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Antique Clocks/Westminster Clock Motor


I just got an old clock from my grandparents. and the motor was weak, and now dead. I am looking for a replacement motor but don't know what to look for (the motor only has patent numbers on it.

The clock says its

NO. 212 DW
Self Starting Electric Westminster Chime

From my understanding it needs a 60 cycle synchonous motor with a 10 pin gear.
the burnt out motor is brass on one side with 2 leads that come out of the top.

Patent #s

Do you know where i can get a replacement or how to fix this one?

I was having trouble emailing you. so i re asked the question. Here is the link to my skydrive with pictures of clock!110&authkey=!ANDuiCUkSlfyzFg

With the movement of the clock making to the south and now to Japan and China, replacement parts for older clocks are generally hard to come by or not available at all. Merritts ( offers a limited number of motors. These appear on page 29-31 of their online catalog. Timesavers ( may also have some offerings. Whether these units would bolt up and provide the proper rotational speed, I do not know.

I have had moderate success relubricating old units. What causes them to fail the oil either evaporates completely or oxidizing to where it becomes gummy. The first thing I do is either file a notch into a corner of the gear case or drill a 1/16 inch diameter hole into the gear case. It is important to drill through a piece of tubing so as to prevent excess penetration of the drill bit when it breaks through the gear case. I then squirt in a quantity of carburetor cleaner using the straw that comes with the spray can. I then shake the unit to get the solvent to wet the entire movement.  I then go to a well ventilated area and energize the movement. No electrical circuit should be closed or opened within a few feet of the motor as this solvent is highly flammable and would ignite if a spark was generated near the movement itself. Once the movement is running well, shake it a few more times. it is then necessary to drain the movement again in a well ventilated area. Warm the movement with the hair dryer, being careful to turn the dryer on at a fair distance from the movement. You may have to cool the movement and go through the warming process again to expel all the solvent. Then relubricate the movement by injecting oil in to it by this same hole. I have found household oil such as sewing machine oil works well for this. Possibly automatic transmission fluid might be better but would have to be put in an oil can first and then pumped in.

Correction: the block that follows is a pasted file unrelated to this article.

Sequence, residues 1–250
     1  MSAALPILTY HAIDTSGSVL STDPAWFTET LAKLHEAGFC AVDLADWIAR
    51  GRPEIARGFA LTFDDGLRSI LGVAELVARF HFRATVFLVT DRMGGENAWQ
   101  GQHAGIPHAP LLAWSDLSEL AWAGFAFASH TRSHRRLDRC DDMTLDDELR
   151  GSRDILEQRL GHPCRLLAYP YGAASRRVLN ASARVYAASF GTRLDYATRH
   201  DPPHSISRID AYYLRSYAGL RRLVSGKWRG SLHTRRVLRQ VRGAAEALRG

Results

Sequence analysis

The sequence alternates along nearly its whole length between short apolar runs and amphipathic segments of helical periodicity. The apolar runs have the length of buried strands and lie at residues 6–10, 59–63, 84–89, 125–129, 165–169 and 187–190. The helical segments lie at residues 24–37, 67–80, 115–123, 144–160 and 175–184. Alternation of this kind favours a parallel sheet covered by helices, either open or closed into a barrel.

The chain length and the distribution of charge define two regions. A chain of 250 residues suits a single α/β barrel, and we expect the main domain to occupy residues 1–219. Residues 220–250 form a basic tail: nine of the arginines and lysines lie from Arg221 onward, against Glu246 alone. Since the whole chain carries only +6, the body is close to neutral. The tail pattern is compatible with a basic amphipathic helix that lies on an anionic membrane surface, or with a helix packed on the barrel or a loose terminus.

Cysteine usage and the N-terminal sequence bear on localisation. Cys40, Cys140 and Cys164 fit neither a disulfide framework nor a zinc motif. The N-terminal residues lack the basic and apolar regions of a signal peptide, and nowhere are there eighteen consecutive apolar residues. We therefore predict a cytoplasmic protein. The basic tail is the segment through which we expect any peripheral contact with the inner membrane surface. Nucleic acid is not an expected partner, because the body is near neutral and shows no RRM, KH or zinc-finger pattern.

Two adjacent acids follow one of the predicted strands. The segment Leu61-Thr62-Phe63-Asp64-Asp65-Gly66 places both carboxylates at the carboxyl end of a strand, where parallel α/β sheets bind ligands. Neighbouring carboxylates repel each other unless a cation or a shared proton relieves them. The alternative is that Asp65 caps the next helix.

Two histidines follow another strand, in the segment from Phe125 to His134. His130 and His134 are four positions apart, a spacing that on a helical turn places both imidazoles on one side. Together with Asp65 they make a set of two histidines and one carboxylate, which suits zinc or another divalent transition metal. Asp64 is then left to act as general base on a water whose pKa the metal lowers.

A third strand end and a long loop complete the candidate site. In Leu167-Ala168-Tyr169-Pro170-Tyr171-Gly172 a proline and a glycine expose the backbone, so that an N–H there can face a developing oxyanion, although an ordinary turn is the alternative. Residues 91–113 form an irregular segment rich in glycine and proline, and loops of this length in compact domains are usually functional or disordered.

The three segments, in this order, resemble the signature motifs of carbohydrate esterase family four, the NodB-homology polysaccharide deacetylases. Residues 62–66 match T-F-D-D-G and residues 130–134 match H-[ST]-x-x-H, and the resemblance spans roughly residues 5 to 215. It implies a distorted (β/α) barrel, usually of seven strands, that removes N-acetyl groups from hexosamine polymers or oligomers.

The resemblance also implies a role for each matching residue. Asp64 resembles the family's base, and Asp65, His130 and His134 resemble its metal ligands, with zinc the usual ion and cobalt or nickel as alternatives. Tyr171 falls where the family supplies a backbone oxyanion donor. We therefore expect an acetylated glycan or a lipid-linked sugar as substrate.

Do not get it too full of oil as it might interfere with the rotation of the rotor. However, it should be full enough so at least one gear dips into the oil. Sometimes, this process has to be repeated as that varnishy gum can be quite stubborn at times.  

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Tom Williams


I can not think of any questions I cannot answer in regard to repairing antique clocks or radios. However, I am sure there are a few I have not heard and may not be able to answer. If I cannot, I will say so. I have been repairing them since I was a young child.


My experience includes repairing CooKoo clocks, Westminsters, BimBam, almost all antique clocks. I do a bit of repair on battery clocks where the value is sufficient to warrant working on them. I also repair antique (tube type) radios - all makes.

Indiana Historical Radio Society, Illinois Valley Antique Car Club, Military Vehicle Preservation Association

BEE from Cleveland State University

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Four patents.

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